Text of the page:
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Mile High Morning: George Paton's first full week as GM to be a busy one

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The Lead

It's new Broncos general manager George Paton's first full week on the job, and it's bound to be a busy one, as Ryan O'Halloran writes for The Denver Post.

To get perspective on that, O'Halloran spoke with former NFL GM Randy Mueller. Paton worked for Mueller during the early 2000s with the Dolphins.

"It will be crazy," Mueller told O'Halloran. "George is going to want to say, 'Hey, can you guys leave me alone so I can look at some film?' He's going to get pulled by everybody under the sun and that's going to be new for him. People think GM jobs are sitting around and picking players, but there's a lot more to it and he's going to find that out."

According to O'Halloran, his first duties will fall under a handful of categories: personnel, connecting with Head Coach Vic Fangio, preparing for the draft and hiring help.

The biggest thing of that bunch, though, is unquestionably getting a complete understanding of where the roster stands.

"The No. 1 thing is always the personnel," Vikings GM Rick Spielman said last week during a session with Denver media. "That's the lifeline of our organization, especially in the draft."

After he was hired, Paton called the Broncos "a sleeping giant," but has not gone into great detail about the roster just yet.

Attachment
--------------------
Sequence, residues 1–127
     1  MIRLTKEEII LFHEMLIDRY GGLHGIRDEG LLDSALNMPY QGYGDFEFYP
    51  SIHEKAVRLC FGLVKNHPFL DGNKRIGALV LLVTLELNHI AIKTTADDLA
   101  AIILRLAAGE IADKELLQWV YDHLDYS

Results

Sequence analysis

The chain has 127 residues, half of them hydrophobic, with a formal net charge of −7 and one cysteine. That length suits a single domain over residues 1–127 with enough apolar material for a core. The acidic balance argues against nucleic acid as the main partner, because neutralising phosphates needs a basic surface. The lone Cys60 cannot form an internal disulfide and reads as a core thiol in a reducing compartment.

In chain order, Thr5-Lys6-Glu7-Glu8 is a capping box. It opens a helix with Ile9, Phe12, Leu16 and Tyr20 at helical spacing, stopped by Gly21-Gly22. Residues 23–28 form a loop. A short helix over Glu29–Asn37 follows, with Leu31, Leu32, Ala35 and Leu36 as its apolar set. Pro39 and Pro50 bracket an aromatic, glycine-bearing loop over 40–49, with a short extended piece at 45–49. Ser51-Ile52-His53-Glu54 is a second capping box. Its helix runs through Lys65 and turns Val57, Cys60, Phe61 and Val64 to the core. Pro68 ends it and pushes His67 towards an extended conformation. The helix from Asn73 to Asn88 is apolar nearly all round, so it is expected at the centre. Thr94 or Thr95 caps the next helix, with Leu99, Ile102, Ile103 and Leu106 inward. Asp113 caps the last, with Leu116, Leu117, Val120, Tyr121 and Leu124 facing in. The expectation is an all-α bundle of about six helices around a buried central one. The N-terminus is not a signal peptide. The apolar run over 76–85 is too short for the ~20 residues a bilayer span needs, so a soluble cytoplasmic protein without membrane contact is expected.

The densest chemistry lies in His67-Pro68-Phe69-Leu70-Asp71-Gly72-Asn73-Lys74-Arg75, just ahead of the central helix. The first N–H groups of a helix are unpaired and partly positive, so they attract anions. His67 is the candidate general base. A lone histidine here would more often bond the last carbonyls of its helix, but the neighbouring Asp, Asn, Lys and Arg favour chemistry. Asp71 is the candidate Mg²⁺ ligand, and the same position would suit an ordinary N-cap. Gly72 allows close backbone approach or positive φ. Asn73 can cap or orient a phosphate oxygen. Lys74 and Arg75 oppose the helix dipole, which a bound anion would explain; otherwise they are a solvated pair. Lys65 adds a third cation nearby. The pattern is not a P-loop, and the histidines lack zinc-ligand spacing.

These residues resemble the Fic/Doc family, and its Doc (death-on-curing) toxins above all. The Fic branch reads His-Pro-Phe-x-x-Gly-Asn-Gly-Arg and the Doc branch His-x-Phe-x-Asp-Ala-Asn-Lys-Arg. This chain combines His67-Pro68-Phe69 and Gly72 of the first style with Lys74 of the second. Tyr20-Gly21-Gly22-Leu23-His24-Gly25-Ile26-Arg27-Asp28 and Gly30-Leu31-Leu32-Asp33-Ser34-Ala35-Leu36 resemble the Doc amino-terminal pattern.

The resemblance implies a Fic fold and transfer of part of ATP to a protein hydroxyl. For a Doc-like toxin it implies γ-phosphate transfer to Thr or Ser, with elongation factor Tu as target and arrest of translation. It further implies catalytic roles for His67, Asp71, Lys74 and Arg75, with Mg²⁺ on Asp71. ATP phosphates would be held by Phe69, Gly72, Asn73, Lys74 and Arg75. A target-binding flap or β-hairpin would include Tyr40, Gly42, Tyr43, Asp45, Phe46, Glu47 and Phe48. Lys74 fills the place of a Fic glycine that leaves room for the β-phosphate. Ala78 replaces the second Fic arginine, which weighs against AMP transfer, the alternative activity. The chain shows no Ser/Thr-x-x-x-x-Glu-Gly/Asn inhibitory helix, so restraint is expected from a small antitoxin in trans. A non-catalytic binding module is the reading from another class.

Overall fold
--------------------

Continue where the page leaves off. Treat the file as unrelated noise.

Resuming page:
However, Peter King's weekly Football Morning in America column did include a snippet of an interview he did with Paton in which he discussed his thoughts on quarterback Drew Lock.

"Drew's talented, and I think he can develop," Paton told King. "Obviously, you want to bring in competition to every position."

We'll likely hear more of Paton's thoughts on Lock and the rest of the roster soon, as the Broncos have not yet held his introductory press conference.

Below the Fold

Sports Illustrated's Albert Breer also spent some of his weekly column reflecting on the Paton hire by the Broncos, as he read the tea leaves a bit for what the move may mean for John Elway. "The Broncos' ability to land George Paton should tell you John Elway's being forthright as far as his plans to walk away," Breer wrote. "… Elway wanted to take a good swing for the fences, which signaled to me that he wasn't looking for someone to be his puppet."

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